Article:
Just use the best tools in your arsenal: your eyes and nose. If something was frozen properly it should be fine for a fairly long time, but there will be warning signs if something has gone off. Discoloration and freezer burn are usually the first clues, then if it smells off once it starts to defrost. But in general, as long as something has stayed frozen, it can’t hurt you. (It just probably won’t taste as good.)

I should have defrosted overnight but I didn’t. What do I do?

There is no magic solution to forgetting to defrost. But to speed it up, put whatever food you are defrosting in a totally sealed container or bag (so absolutely no water can get in), then submerge it in a bowl of cold water. Don’t try to be clever and defrost in hot water—you can semi-cook the outside and bacteria can start to grow if you aren’t careful.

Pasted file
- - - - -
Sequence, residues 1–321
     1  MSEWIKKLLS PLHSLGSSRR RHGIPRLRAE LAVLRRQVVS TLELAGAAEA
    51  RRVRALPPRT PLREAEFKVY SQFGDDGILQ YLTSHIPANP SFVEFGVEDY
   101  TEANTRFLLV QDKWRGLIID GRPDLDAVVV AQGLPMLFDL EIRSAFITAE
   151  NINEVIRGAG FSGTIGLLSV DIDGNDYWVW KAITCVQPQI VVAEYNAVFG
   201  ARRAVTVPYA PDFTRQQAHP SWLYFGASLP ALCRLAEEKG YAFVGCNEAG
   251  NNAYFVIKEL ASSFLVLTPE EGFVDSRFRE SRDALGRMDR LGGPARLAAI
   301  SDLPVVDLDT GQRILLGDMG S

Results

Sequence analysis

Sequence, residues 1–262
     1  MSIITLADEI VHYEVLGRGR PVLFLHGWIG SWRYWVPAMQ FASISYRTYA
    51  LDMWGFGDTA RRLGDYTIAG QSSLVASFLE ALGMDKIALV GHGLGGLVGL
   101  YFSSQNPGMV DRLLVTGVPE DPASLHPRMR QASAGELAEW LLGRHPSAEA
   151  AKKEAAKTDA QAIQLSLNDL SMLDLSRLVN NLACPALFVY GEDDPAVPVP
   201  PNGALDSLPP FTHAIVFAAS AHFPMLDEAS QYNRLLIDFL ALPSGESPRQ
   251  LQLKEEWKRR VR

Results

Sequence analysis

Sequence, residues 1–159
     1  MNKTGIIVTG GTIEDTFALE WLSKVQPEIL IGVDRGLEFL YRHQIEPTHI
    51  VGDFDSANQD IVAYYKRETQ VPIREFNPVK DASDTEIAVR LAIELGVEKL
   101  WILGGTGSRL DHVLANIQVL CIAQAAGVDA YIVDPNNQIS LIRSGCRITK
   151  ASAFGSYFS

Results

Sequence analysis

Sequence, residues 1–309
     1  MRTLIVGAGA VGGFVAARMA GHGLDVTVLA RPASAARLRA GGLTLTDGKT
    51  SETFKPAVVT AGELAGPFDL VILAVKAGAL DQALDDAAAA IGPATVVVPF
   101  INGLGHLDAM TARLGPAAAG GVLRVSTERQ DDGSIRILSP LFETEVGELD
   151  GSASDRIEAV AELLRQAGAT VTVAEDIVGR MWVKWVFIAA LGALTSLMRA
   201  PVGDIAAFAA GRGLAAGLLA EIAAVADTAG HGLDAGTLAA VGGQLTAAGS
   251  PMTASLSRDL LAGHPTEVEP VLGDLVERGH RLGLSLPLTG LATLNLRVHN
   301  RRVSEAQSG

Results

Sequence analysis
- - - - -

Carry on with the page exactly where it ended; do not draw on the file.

Do I have to defrost everything?

No! In fact, most of the recipes in this book don’t need to defrost before cooking. Defrosting inevitably adds moisture back into your food and it can sit and get soggy. Oftentimes you are better off just cooking straight from frozen. So, unless the recipe specifically encourages it, I usually don’t bother.

Why does the outside cook faster than the inside when reheating?